Zig's story about family troubles

This animation was produced in partnership with Studio Gilay . Article written by Jacob Hunter, a proud Gumbaynggirr man living on Dharug land, passionate about all things media, Esports and mental health advocacy.

When there’s family trouble at home, it’s easy to feel stuck in the crossfire. It’s also normal to feel worried, stressed, sad or even angry. But as we learn from Zig, having someone to yarn to, a place to go or an activity to do can make a big difference in how you’re able to handle things.

Download the transcript.

Nan asks me questions about how I'm doing and feeling.

Having someone to chat things through with, like a grandparent or someone else you trust – whether it’s an Auntie or Uncle, an Elder, or anyone else from your mob – can be really helpful. Sometimes gaining a bit of perspective, or even just being able to vent, can make you feel a whole lot more secure.

To help him deal with what’s going on at home, Zig also likes to hang out with mates and kick a footy around. He finds it’s a great way to clear the mind, get active and do something fun with friends.

Things you can try when dealing with family troubles

It’s never easy to deal with family troubles at home. And while there are lots of things you can’t control in this kind of situation, there are a few things you can do to help you cope and feel a bit better. Here are some useful strategies:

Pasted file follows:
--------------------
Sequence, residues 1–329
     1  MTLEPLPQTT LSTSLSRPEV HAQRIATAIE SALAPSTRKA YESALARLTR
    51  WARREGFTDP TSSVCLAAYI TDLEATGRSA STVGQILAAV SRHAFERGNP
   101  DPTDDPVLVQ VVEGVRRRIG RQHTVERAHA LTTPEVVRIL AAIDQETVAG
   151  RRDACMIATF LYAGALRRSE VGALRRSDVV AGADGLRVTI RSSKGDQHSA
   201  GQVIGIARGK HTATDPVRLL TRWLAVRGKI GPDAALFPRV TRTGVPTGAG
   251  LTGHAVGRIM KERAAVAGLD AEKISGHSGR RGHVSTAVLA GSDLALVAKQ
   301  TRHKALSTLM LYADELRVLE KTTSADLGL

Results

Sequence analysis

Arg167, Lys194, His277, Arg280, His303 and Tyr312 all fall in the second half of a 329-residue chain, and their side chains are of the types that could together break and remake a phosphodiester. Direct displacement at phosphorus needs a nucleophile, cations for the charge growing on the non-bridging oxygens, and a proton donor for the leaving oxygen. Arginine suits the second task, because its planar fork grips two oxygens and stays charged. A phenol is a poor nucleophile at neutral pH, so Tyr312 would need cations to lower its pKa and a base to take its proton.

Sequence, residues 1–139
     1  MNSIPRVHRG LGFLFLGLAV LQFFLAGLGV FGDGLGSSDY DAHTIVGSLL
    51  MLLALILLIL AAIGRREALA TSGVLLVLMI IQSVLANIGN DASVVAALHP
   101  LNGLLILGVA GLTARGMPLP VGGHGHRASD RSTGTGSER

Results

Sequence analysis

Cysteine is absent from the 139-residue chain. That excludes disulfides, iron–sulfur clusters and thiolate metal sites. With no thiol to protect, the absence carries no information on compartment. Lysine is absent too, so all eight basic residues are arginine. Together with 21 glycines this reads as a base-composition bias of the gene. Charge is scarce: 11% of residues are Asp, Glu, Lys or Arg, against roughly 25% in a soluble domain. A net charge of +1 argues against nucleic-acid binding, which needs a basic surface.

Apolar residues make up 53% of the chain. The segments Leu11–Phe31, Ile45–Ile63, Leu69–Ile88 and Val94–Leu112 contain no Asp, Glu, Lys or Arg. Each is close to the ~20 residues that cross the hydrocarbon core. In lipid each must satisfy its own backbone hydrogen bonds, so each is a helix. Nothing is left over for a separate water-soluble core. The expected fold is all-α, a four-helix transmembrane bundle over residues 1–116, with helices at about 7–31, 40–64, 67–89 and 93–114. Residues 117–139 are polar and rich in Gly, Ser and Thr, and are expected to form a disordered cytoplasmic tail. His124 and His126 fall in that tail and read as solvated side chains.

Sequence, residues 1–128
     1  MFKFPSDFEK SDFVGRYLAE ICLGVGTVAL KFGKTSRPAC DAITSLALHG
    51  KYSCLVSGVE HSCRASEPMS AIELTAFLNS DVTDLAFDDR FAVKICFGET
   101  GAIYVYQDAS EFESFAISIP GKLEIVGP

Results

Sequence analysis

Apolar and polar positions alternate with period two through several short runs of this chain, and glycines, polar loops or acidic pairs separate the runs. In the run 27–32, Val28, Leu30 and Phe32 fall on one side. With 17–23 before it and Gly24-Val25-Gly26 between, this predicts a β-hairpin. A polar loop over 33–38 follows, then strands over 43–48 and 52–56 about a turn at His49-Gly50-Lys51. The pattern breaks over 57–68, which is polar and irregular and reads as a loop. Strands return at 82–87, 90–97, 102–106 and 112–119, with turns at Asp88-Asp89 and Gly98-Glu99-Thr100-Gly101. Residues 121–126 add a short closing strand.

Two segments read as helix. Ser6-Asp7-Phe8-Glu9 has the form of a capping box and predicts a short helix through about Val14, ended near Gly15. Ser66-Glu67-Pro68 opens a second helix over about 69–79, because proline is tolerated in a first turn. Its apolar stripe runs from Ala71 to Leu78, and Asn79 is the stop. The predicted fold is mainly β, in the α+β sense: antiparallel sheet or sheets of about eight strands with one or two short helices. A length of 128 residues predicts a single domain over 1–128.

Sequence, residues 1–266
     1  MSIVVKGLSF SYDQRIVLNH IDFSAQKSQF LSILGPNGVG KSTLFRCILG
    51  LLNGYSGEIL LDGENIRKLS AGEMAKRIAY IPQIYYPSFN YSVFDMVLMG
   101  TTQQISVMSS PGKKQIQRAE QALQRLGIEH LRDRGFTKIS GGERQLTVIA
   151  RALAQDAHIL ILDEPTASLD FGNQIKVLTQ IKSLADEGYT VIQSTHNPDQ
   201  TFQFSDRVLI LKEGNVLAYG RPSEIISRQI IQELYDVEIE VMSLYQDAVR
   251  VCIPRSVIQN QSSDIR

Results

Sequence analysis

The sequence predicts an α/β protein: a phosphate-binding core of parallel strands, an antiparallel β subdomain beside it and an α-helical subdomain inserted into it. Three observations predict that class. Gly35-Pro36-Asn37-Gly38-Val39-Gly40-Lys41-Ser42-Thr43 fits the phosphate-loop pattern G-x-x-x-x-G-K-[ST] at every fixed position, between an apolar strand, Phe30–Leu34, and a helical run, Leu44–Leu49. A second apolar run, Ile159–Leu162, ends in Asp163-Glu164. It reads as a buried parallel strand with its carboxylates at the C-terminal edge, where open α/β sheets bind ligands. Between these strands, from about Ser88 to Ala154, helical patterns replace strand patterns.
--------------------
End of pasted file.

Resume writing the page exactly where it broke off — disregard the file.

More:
• Have a yarn with someone. Like Zig does, chatting with someone you trust, and who cares about you and your wellbeing, is a great way to take some of the load off your shoulders.

  • Connect with community. Making connections with people who get you and who understand your culture can be helpful in grounding yourself, especially during hard times. Looking for pointers? Check out our article on ways to connect with community if you’re a First Nations young person.

  • Hang out with mates. Whether it’s playing sports, bouldering, gaming, talking through your worries, or just kicking back at your regular hangout spot, spending time with good friends is a great way to find some relief and feel supported.

  • Have somewhere to go. If you have a trusted neighbour, relative or friend living nearby, you could ask if you could drop by whenever things get too intense at home. You could also check out suitable places in your local community, such as a public library, park or youth centre.

  • Do something for you. When things are tough at home, looking after yourself is extra important. Try to set aside time for the things you enjoy and that make you feel better. It could be going for a walk or a run, listening to tunes, journalling, practising mindfulness – whatever works for you.

What can I do now?

  • Get Gumbaynggir woman Tilly Langford's tips on how to cope with the highs and lows of family life.

  • If you feel like you need some extra support, check out this list of support services for Aboriginal and Torres Strait Islander people.

  • If things are really intense at home and you don’t feel safe, read our article on what to do when your home is no longer safe.